After the traffic stop, Lutz submitted to the magistrate an affidavit in support of a search warrant for the apartment.  The affidavit included the informant’s tip and police officers’ confirmation of Dinkins’ residence and the cars he might be driving.  The affidavit also contained Dinkins’ criminal record, which included prior convictions for illegal drug possession, and the fact that, according to Lutz, Dinkins lied about where he lived and his activities immediately prior to the traffic stop.  Based on Lutz’s affidavit, the magistrate issued a search warrant for the apartment.  Lutz executed the search warrant and found a large quantity of cocaine in the apartment’s laundry room closet. 

Before opening statements, Dinkins moved to suppress the cocaine alleging the search warrant lacked probable cause.  The trial judge denied the motion, finding probable cause supported issuance of the search warrant.  After the presentation of all evidence, the judge submitted the case to the jury.  During deliberations, the jury asked the trial judge whether proof of knowledge was required to convict Dinkins of trafficking.  At that time, Dinkins requested an additional charge on actual knowledge, which the State contested.  The trial judge did not provide this additional charge, but sent his written instructions to the jury room.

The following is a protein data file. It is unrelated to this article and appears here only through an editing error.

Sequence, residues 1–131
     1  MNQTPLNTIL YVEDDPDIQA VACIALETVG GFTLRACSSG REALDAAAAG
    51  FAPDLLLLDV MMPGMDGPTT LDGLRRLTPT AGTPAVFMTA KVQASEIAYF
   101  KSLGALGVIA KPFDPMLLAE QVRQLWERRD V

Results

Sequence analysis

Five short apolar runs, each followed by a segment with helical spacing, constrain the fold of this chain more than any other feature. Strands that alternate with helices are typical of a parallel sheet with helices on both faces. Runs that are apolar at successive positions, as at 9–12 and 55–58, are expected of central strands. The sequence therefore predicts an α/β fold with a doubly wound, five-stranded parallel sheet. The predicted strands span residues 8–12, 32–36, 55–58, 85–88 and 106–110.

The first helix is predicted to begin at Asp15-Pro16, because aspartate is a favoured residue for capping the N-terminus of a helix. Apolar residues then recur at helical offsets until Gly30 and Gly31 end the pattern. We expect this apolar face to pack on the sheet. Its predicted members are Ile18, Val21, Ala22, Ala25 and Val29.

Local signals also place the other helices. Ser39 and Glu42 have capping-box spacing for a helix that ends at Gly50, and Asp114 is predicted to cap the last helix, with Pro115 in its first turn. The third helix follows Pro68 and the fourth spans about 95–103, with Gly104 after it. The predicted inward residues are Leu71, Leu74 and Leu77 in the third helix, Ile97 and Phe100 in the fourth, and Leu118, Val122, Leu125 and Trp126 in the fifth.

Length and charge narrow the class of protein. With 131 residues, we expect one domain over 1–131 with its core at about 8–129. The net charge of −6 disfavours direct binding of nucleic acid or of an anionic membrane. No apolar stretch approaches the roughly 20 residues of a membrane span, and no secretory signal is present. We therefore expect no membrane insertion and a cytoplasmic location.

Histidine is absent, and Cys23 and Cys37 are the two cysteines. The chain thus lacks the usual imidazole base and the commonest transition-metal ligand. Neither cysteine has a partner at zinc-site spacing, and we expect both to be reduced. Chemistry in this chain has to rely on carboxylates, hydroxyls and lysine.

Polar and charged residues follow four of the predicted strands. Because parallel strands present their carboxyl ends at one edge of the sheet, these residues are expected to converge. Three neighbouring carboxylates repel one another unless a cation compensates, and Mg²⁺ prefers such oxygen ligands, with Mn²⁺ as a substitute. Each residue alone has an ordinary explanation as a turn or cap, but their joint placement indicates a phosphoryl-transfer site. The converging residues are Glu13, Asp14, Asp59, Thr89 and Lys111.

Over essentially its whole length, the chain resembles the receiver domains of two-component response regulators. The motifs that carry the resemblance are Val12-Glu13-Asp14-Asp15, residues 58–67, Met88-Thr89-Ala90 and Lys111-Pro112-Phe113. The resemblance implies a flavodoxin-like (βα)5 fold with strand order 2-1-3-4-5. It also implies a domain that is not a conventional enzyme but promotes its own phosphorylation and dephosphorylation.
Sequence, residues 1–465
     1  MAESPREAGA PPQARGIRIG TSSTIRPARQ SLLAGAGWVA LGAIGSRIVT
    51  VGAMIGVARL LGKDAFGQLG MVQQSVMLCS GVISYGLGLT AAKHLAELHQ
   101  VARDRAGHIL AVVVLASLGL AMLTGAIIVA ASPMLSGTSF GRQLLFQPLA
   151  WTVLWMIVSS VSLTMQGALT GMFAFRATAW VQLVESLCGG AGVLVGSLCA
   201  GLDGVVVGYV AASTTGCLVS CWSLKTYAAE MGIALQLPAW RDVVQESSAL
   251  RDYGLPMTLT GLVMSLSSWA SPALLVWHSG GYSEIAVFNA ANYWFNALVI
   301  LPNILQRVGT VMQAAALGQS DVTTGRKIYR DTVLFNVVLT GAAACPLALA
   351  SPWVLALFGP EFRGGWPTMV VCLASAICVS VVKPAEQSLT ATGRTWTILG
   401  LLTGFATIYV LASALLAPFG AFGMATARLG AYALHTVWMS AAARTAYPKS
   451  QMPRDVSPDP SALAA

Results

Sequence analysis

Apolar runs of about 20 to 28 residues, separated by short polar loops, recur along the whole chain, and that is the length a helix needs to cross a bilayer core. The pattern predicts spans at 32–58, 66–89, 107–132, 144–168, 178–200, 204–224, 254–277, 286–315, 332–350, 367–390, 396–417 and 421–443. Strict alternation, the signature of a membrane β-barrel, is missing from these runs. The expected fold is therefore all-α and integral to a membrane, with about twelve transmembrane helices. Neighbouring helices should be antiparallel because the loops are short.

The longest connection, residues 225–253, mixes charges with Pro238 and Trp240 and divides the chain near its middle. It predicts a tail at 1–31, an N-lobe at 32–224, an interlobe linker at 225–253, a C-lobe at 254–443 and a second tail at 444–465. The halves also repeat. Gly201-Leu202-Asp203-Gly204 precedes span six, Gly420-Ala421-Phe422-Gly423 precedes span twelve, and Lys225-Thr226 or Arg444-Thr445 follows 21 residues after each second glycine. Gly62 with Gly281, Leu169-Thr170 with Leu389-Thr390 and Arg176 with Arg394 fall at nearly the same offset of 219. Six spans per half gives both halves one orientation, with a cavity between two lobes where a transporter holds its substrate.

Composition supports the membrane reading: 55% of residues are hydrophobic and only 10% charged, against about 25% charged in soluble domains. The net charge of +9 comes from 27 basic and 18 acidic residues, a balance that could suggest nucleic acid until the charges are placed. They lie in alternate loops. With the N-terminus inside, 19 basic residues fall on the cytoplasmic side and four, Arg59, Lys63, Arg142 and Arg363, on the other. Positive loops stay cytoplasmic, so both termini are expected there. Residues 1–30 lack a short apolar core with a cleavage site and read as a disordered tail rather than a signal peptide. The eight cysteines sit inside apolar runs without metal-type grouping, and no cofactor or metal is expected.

The jury convicted Dinkins of drug trafficking, and the judge sentenced him to twenty-seven years imprisonment. 

LAW/ANALYSIS

Dinkins raises two issues on appeal:  (1) whether the trial judge erred in denying Dinkins’ motion to suppress drug evidence recovered pursuant to a defective search warrant; and (2) whether the trial judge erred in refusing to provide the jury with an additional charge on actual knowledge.

I.       Motion to Suppress

Dinkins argues the search warrant is defective for lack of probable cause.  We disagree.[1] 

In criminal cases, an appellate court sits only to review errors of law. State v. Wilson, 345 S.C. 1, 5, 545 S.E.2d 827, 829 (2001).  “In an appeal from a motion to suppress evidence based on Fourth Amendment grounds, an appellate court may conduct its own review of the record to determine whether the evidence supports the circuit court’s decision.”  State v. Abdullah, 357 S.C. 344, 349-50, 592 S.E.2d 344, 347 (Ct. App. 2004).